I was talking to my friend Paul about this a week or two ago, and he mentioned that he’d seen someone with a web-based viewer for comic archives.  Naturally, I spent a bit of time looking for it, because I’m lazy. If I can just load a web page to read comics, I’m 100 times more likely to use it than I am to download & install a comic viewer on each computer I use (please note, I actually have done this; I’m speaking of a theoretical rather than an actual).  I was unable to find such a program, in any language.  So I decided to write one myself.  It’s still in a very alpha state, but here are a couple of screenshots of the devlogic.org cbviewer 0.2alpha.  It uses a couple of what seem like non-stock PHP libraries (for the RAR and ZIP support), but the bonus of this is that it doesn’t use any external programs to achieve its magic; it’s 100% PHP.

  

I recommend clicking the thumbnails to enlarge, because the tiny squares that wordpress auto-generated really don’t do the program justice.  Naturally, I’m still working on the “make it pretty” aspect of designing a web program (aesthetics aren’t my strong suit), but at the very least I’ve managed to get everything working without having to resort to any hacks.  In this version, at least.  In version 0.1a, I was forced to use embedded base64-encoded images to display files that were inside .cbz files, because I hadn’t yet figured out how to extract the image to a temporary (and arbitrary) location without being forced to also include whatever sub-directories were included in the archive.  This had the wonderful side-effect of crashing Safari and WebKit.  0.2a eliminates that problem, as well as significantly tightening up the code, reducing the necessary number of source files from 7 down to 4 (by extending some of my previous logic and discoveries, I was able to make the archive-handling and page generation more generic).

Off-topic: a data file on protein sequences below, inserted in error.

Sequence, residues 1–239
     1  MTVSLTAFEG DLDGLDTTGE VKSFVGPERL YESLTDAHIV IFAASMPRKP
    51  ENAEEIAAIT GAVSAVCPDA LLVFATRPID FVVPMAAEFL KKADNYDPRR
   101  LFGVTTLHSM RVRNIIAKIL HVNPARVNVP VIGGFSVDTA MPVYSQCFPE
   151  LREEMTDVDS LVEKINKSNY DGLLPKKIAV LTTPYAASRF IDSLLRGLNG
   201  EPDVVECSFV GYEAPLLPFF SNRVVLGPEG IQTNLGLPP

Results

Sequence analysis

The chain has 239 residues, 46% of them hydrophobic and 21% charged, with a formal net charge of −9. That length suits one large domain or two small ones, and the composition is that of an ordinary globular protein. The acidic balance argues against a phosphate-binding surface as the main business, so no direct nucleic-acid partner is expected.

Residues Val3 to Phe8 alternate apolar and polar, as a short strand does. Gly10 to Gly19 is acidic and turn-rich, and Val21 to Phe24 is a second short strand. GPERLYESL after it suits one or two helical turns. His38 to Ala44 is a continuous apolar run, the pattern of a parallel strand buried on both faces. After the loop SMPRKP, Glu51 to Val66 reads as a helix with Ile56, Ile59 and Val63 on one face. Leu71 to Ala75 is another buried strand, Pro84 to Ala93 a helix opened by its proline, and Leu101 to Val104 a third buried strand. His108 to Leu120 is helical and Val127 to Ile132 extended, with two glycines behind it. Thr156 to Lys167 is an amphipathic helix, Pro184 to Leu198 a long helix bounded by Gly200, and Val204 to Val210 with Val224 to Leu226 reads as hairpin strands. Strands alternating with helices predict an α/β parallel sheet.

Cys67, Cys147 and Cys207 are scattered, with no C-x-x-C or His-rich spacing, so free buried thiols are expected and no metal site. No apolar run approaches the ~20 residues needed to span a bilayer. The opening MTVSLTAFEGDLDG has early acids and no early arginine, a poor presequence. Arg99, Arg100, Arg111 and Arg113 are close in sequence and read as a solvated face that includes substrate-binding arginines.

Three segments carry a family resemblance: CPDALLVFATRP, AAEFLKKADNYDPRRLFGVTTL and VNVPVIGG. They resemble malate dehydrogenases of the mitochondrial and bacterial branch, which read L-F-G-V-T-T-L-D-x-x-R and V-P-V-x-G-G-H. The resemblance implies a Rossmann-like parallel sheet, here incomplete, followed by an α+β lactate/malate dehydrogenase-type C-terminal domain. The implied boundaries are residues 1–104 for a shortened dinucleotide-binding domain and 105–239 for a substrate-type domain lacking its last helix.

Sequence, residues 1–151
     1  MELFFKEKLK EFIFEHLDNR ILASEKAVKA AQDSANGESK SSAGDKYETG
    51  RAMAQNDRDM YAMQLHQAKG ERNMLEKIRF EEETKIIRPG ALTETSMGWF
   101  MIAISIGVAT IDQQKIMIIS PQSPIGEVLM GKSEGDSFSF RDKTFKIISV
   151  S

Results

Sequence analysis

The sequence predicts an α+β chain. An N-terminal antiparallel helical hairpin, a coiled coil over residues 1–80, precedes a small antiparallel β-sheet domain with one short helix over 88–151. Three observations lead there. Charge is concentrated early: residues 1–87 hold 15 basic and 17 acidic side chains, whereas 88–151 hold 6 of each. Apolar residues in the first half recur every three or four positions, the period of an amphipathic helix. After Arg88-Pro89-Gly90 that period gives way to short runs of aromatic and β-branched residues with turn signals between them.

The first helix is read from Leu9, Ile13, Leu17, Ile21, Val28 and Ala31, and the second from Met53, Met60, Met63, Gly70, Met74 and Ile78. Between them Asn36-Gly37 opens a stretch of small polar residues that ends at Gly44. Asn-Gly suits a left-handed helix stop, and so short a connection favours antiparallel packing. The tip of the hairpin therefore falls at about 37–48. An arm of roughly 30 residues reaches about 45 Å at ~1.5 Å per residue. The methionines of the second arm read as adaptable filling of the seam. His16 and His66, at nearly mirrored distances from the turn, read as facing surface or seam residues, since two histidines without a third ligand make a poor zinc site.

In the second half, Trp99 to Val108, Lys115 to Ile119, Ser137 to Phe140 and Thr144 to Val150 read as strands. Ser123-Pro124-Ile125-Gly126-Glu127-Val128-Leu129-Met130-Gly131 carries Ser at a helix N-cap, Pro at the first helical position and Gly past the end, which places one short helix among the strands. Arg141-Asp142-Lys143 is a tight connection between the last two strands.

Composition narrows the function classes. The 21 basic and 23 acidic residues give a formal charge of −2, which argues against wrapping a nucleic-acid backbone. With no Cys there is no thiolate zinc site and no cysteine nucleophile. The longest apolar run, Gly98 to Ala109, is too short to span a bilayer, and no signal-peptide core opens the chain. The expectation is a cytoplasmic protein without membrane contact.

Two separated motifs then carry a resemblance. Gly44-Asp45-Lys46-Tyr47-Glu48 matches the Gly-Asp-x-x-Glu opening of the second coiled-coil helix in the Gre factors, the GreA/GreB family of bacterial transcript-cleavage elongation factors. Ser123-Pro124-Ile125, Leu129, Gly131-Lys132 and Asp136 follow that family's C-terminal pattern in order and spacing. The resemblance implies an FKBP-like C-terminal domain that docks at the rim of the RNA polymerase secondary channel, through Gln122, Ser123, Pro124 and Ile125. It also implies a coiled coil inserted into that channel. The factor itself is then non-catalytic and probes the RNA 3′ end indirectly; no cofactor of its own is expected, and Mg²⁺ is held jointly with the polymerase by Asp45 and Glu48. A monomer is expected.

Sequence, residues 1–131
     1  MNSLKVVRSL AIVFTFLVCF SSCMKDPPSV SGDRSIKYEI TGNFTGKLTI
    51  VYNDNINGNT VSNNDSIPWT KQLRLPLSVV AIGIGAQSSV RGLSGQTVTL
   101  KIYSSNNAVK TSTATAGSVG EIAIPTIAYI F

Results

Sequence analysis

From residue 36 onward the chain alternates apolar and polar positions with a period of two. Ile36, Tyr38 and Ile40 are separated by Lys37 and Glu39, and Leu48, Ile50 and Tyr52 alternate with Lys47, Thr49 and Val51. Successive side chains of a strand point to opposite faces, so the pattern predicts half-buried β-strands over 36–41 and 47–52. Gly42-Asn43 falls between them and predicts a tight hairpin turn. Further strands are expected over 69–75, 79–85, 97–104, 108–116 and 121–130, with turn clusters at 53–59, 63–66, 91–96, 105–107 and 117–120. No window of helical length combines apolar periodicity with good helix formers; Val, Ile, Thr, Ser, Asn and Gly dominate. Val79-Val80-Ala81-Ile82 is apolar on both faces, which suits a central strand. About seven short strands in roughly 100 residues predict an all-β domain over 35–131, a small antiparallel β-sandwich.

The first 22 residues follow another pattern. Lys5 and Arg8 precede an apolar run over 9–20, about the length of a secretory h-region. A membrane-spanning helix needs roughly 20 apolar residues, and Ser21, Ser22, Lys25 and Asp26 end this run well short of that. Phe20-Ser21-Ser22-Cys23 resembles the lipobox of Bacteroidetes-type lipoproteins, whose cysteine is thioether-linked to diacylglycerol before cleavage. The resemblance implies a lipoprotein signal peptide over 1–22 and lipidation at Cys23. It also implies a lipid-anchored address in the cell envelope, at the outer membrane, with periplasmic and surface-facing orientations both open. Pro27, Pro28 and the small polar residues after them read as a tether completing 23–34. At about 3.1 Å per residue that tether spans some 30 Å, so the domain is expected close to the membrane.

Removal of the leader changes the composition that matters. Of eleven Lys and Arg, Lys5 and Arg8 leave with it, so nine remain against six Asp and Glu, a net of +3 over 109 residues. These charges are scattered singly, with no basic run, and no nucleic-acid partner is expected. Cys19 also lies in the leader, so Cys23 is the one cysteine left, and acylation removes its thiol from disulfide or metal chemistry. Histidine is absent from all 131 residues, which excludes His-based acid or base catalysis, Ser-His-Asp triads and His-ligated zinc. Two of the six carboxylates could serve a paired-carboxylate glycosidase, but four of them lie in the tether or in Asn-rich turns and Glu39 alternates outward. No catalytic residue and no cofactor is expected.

And I think I’m done geeking out for a while, at least on this project.  I’ll probably tweak the CSS some more, in an attempt to make the site more aesthetically pleasing, but by and large I’ve got all but one of the features I want.

School food sucks, and a rant about cooking

 School food sucks, and a rant about cooking  General, Rant, Recreation  Comments Off on School food sucks, and a rant about cooking
Oct 112006
 

Not that I have much experience in the former; it’s been about 11 years since the last school lunch I ate. However, I think it’s a fair to assume that kids still eat all kinds of crap food on a regular basis; I know I did when I was in school. Heck, I still do today, although on a much more reduced scale.
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Music rules.

 Music rules.  Classical Music, General  Comments Off on Music rules.
Sep 122003
 

I was listening to KMFA on my way to the grocery store tonight, and I heard something that blew me away. It was the UT Saxophone ensemble playing an arrangement of Bach’s Toccata & Fugue in d minor. Now, that’s one of the most impressive pipe organ pieces that I can think of, and it was being played by a bunch of saxophonists. Wow. if you can find a recording of this, I encourage you to listen to it, and be amazed.

Gigantic

 Gigantic  General, Movies, Recreation, TMBG  Comments Off on Gigantic
Aug 022003
 

just finished watching Gigantic: A Tale of Two Johns. If’s pretty good (with the striking exception of every single Syd Straw interview segment); I thoroughly recommend that you check it out; see the schedule for your local art theater for possible showtimes. If you’re in Austin, it’s playing at the Dobie Theater until the 7th.

And it’ll be out on DVD some time this fall. I’m definitely gonna pre-order it as soon as I can. And fast-forward through all the Syd Straw interviews.